> +		git clone $repo ${repo}_content &&
> +		echo $repo > ${repo}_content/file &&


    echo "$repo" >"${repo}_content/file" &&

cf. Documentation/CodingGuidelines.

> +		add_commit_push ${repo}_content "initial" file

If any of these iterations, except for the last one, fails in the
loop, you do not notice the breakage and go on to the next
iteration.  You'd need "|| return 1" at the end, perhaps.

So far, you created three bare repositories called outer, middle and
inner, and each of {outer,middle,inner}_content repositories is a
copy with a working tree of its counterpart.

> +	done &&
> +
> +	git clone outer A &&
> +	git -C A submodule add "$pwd/middle" &&
> +	git -C A/middle/ submodule add "$pwd/inner" &&

Hmph.  Is it essential to name these directories with full pathname
for the problem to reproduce, or would the issue also appear if
these repositories refer to each other with relative pathnames?
Just being curious---if it only breaks with one and succeeds with
the other, that deserves commenting here.

So far, you created A that is "outer", added "middle" as its
submodule and then added "inner" as a submodule of "middle".

Although it is not wrong per-se, it somehow feels a bit unnatural
that you didn't do all of the above in the working trees you created
in the previous step---I would have expected that middle_content
working tree would be used to add "inner" as its submodule, for

> +	add_commit_push A/middle/ "adding inner sub" .gitmodules inner &&
> +	add_commit_push A/ "adding middle sub" .gitmodules middle &&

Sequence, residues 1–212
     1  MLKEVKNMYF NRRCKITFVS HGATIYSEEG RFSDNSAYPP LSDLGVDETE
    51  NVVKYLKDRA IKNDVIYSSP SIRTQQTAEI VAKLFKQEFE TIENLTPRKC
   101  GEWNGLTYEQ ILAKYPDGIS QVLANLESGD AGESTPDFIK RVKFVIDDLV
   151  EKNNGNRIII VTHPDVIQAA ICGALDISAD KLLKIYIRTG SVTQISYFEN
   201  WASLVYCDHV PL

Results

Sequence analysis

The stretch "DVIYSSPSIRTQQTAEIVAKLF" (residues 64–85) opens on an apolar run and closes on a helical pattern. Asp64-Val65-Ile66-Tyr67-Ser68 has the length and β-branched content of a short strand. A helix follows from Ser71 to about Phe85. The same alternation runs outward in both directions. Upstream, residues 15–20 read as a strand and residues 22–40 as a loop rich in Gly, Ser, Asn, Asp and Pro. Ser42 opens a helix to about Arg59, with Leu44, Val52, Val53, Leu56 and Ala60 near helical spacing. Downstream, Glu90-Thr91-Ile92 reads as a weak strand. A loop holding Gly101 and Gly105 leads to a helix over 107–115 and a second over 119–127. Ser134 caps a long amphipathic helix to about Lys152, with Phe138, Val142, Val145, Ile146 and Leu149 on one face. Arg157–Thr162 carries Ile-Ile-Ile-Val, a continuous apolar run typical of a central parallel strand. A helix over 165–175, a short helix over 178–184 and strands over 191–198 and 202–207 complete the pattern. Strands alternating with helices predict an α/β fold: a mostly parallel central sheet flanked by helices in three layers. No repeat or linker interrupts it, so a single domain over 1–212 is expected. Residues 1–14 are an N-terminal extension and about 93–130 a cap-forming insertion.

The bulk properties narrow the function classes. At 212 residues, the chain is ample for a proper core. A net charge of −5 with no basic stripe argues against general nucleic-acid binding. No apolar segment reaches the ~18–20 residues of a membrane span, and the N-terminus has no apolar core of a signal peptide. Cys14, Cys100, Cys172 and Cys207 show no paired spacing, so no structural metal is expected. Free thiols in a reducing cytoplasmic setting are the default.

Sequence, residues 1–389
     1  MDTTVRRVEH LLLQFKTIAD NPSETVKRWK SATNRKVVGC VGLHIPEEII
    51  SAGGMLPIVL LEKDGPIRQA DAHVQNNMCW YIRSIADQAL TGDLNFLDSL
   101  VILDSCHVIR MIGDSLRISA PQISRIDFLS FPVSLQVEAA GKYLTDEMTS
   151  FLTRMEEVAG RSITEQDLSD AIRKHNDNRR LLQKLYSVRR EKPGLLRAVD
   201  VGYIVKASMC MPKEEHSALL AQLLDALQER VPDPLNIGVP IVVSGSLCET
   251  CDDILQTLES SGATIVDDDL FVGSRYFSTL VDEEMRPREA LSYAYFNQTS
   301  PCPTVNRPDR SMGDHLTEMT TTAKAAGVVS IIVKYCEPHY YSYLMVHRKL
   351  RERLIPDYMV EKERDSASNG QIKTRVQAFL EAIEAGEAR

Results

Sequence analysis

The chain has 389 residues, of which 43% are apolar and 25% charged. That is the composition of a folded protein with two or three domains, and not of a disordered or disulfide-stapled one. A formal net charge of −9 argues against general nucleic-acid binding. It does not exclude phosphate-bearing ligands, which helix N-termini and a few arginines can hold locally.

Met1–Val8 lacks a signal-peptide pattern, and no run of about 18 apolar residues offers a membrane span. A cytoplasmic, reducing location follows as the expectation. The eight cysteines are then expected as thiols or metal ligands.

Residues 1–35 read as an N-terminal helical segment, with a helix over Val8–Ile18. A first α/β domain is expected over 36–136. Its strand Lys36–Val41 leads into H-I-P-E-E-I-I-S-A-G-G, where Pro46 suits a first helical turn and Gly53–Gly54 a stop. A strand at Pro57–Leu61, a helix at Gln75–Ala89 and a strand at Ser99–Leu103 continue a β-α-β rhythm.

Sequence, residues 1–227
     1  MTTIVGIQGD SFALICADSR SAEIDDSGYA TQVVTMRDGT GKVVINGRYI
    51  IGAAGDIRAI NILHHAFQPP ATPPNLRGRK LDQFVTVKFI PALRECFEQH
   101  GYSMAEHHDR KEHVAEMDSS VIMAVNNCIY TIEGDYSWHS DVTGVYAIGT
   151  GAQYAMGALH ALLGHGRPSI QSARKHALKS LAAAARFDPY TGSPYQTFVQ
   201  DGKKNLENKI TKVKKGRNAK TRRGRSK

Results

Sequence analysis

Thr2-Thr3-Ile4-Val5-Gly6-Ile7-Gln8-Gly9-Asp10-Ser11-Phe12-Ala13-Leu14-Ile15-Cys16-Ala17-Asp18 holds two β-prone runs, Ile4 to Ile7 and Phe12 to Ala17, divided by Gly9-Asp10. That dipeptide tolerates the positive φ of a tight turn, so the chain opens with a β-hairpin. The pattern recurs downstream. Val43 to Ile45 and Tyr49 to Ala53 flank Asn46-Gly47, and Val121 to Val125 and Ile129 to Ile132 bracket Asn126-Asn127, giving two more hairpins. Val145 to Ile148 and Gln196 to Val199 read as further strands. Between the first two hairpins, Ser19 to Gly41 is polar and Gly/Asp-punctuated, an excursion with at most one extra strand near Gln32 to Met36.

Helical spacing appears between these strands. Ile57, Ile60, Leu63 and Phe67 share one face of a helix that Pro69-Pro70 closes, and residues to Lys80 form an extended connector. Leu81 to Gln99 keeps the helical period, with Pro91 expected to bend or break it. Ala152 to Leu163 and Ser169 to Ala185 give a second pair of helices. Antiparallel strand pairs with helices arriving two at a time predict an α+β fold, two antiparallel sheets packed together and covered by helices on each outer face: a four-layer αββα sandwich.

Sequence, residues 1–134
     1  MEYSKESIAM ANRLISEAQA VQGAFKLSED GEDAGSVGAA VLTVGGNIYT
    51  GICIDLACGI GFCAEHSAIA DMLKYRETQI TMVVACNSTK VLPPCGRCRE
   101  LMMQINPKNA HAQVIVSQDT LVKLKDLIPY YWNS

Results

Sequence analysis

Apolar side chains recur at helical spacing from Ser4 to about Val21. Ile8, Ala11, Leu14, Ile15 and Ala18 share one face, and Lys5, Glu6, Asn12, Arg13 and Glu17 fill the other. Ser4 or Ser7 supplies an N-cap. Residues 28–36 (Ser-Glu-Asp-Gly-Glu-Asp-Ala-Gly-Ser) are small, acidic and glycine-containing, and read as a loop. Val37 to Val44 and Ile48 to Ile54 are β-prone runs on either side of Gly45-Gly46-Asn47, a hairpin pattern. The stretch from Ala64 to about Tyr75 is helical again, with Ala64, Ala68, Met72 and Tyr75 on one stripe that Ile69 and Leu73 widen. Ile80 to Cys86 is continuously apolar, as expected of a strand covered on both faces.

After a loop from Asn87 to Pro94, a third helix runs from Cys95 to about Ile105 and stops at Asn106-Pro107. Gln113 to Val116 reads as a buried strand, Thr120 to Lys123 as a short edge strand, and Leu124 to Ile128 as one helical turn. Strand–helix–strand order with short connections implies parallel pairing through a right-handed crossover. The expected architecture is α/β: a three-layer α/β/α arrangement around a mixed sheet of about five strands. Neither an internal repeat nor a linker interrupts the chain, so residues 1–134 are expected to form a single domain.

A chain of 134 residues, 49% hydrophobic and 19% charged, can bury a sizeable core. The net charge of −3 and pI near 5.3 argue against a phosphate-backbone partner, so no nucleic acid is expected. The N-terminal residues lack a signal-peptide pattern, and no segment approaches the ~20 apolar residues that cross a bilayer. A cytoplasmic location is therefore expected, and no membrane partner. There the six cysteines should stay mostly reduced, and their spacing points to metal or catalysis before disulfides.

And then you conclude the addition of submodules by recording each
of these two "submodule add" events in a commit and push it out.

> +	git clone outer B &&
> +	git -C B/ submodule update --init middle &&

And then you clone the outer thing (which does not recursively
instantiate) from A, and instantiate the middle layer (which does
not recursively instantiate the bottom later, I presume?)

I _think_ the state here should be minimally validated in this test.
If you expect 'outer' and 'middle' are instantiated, perhaps check
its contents (e.g. do you have a thing called 'file'?  What does it
have in it?) and check the commit (e.g. does 'rev-parse HEAD' give
you the commit you expect?).  If you expect 'inner' is not
instantiated at this point, that should be vaildated as well.  If
anything, that would explain what your expectations are better than
any word in the proposed log message.

In any case, i presume that up to this point things work as expected
with or without the "fix" patch?  If so, the usual way we structure
these tests is to stop here and make that a single "setup" test.
Start the whole sequence above like so, perhaps.